Adopting Bug Club Comprehension helped pupils to enjoy and engage with texts
Tupton Primary and Nursery School is a medium sized school in a mixed catchment just outside Chesterfield.
Key points to take away
- Adopting Bug Club Comprehension helped pupils to enjoy and engage with texts
- Teachers save time on planning and preparation Using the programme saw children’s attainment levels increase 23% in just 5 months
In 2016, Year 6 found the reading SAT very challenging (46% met the national standard) so the school knew that was something they had to tackle. Their children had been doing half an hour of guided reading a day, in addition to English lessons, but they felt they weren’t seeing the impact expected from that and needed to change what they were doing.
That was when they came across the Bug Club Comprehension materials. The school were already using Abacus and Wordsmith, and in the autumn term, Tupton Primary and Nursery School started using Bug Club Comprehension with Years 3 and 4.
Katherine Richards, the headteacher, said, “I liked the look of it straight away. I was impressed by how well it was structured, the range of texts, and the bright, colourful workbooks.” The school did the professional development course as a whole school, which allowed all year groups, from Reception to Year 6, to follow the same patterns of questioning even before the resources for other year groups were available.
The school organised the programme as recommended by the professional development course, in small mixed ability groups. “This was something new for us,” said Katherine, “but we could see the benefit of giving the poorest readers models of good reading, and it’s worked really well.”
Enjoying and engaging
Katherine told us the children really enjoyed it from the start, and were obviously getting more out of it than in their previous set-up for guided reading. “At first, I was concerned that some of the books, like King Kafu and the Moon, are quite short, but because it’s such an engaging text, and the activities are so good, it’s allowed them to really get under the skin of the story and understand it. I remember being out on the playground after school one day and all the Year 3 children were so excited to see the moon out, and saying ‘What would King Kafu think about that?’ And they were really excited to read the next King Kafu story in the magazine.”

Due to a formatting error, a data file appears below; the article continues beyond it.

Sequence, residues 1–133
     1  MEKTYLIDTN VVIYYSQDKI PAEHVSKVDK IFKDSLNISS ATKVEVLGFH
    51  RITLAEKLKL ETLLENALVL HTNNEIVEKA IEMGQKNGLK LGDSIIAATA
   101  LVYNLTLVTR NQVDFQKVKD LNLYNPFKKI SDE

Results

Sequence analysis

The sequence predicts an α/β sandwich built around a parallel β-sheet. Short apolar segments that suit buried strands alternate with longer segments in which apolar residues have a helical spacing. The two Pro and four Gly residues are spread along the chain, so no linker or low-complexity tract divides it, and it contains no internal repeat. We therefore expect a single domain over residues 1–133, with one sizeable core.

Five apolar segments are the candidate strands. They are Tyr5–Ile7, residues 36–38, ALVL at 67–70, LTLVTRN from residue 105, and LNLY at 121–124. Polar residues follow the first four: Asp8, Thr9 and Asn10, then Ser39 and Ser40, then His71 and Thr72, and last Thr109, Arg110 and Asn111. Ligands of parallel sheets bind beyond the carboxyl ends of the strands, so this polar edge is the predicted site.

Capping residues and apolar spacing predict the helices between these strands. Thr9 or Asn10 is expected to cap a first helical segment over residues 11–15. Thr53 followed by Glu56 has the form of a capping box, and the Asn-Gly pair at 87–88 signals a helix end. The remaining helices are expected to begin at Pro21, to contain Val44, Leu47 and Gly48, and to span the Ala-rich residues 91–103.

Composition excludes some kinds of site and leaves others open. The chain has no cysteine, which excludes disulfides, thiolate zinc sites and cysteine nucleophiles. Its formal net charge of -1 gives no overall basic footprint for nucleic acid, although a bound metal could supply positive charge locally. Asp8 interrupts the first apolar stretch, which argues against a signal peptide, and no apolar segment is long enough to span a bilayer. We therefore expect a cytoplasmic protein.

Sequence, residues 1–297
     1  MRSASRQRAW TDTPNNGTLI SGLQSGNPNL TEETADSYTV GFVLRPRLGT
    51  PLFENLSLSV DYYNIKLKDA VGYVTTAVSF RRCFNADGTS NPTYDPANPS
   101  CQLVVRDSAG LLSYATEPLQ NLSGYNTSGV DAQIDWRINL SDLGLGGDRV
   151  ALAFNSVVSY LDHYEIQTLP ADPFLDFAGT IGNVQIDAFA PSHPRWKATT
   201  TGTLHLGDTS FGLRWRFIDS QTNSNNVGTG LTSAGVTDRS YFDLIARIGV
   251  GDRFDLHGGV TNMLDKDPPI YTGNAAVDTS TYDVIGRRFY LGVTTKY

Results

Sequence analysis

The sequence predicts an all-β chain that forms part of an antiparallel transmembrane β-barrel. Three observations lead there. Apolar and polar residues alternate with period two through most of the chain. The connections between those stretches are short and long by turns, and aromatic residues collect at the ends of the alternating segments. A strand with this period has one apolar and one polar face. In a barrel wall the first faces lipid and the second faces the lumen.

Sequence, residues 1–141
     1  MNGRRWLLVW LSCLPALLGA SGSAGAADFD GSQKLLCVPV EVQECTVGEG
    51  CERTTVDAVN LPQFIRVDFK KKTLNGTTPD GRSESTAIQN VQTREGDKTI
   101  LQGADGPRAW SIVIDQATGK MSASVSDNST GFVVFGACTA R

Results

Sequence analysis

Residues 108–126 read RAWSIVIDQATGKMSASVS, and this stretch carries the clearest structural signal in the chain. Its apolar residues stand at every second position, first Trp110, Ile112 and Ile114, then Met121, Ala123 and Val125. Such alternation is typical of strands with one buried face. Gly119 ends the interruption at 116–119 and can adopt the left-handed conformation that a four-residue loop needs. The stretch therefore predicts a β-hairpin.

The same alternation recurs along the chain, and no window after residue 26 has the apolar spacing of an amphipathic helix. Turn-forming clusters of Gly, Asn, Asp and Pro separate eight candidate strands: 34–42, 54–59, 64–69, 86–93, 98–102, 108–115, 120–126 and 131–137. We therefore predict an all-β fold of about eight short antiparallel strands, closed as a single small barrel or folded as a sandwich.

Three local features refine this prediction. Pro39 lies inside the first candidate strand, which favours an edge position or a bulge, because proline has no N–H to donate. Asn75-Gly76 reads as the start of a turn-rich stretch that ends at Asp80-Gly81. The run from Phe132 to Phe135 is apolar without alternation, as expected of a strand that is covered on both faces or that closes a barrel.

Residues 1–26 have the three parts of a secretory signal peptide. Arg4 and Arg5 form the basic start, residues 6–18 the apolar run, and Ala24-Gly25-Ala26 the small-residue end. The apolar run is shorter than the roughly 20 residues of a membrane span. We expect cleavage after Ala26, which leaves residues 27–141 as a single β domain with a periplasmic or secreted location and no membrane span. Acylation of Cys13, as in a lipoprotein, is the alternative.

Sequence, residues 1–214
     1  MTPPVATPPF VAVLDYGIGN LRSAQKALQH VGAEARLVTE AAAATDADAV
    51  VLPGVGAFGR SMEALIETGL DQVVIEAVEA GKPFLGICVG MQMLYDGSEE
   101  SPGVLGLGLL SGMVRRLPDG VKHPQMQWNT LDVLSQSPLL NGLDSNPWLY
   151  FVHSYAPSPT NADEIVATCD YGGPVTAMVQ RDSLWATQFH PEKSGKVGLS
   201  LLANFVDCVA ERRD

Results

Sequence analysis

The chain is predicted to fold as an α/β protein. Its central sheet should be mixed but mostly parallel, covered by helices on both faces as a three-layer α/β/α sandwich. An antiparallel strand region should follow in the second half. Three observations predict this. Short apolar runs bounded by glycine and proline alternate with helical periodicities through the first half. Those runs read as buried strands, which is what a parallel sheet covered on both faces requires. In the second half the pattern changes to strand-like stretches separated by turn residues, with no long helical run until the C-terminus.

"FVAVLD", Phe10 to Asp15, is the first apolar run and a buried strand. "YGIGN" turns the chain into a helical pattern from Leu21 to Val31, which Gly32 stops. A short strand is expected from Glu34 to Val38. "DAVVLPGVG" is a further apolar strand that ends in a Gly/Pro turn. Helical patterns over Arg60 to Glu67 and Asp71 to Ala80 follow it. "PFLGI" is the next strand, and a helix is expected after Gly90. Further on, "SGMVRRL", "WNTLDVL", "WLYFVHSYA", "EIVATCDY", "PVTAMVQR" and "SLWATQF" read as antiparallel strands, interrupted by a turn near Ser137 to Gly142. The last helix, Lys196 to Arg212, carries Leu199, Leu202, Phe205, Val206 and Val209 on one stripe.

“It’s such an engaging text, and the activities are so good, it’s allowed them to really get under the skin of the story”
Adopting Bug Club Comprehension has saved time on planning and preparation as teachers haven’t got to spend hours looking for suitable texts. Before, the children were working in differentiated groups, which might mean teachers preparing 5 or 6 different texts per class every week and generating other activities based on those texts. This was a huge demand on their time, and some of the activities were not as purposeful as they could be.
With Bug Club Comprehension, teachers know that the other four groups will be working on something purposeful in the workbooks which will build up their skills and understanding so they can have really good in-depth conversations during the discussion. The teacher can then spend their time concentrating on the group discussion and ensuring that it is a really purposeful 30 minutes.
A programme that benefits all children
Katherine thinks all children have benefited, good readers as well as struggling readers. The more struggling readers – for the first time ever – are not reading something that’s obviously easier than the rest of the class, which is great for their confidence. It’s also been great for the children who might be good mechanical readers, but whose comprehension does not necessarily match up with their decoding skills. She also thinks it’s been good for their better readers to see how the children who they might have thought of as struggling readers can have interesting opinions about a text, and take part in the discussions.
Adopting Bug Club Comprehension had a positive impact on the school’s reading summative assessments. For example, in Year 4 in October (when the school hadn’t yet started with the programme) only 42% of the cohort were working within age related expectations but by February, this had already increased to 69%. The figures were similar with Year 3.
Katherine found that breaking down the questions into different types really helped; when faced with questions in a test, children can identify the looking questions, the clue questions, etc., and they understand how to answer them. There are children who have gone from getting 2/15 right on a test to over 10/15.
Children can see a book through from beginning to end and are genuinely excited to read what was happening next in the story. Bug Club Comprehension has proven to the children that books can be interesting, fun, and a good way to spend your time.
“Bug Club Comprehension is one of the best things we’ve ever bought. It absolutely does what we wanted,” said Katherine, “All the children I’ve spoken to have been overwhelmingly positive about it. If I were to give one piece of advice to schools starting out with it, it’s to put your trust in it and give it time to work. Children need to get used to a new way of working and start to develop the skills they haven’t necessarily got. You might not see the impact immediately, but when you look through their books at the end of term, it will be really noticeable how the quality and the detail of their answers has improved.
“I’d recommend it to anybody!”